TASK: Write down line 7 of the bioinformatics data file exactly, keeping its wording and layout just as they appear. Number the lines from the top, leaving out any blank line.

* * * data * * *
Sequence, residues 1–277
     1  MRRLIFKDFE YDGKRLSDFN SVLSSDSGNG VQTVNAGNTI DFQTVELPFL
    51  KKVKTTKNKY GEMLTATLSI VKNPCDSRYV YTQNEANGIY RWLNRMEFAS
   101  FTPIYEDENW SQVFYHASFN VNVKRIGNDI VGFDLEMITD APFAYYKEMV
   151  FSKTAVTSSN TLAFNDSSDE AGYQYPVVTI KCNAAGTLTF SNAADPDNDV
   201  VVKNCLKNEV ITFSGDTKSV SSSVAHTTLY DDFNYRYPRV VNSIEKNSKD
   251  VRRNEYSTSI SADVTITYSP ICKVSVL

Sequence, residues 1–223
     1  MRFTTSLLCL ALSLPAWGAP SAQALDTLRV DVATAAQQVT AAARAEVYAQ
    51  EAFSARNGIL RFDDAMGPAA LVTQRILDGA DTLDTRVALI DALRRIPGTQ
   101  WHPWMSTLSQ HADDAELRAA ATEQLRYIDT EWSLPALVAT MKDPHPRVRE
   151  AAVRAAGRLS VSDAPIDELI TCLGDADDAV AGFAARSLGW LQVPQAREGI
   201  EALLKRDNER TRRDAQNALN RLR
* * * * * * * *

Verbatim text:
   251  VRRNEYSTSI SADVTITYSP ICKVSVL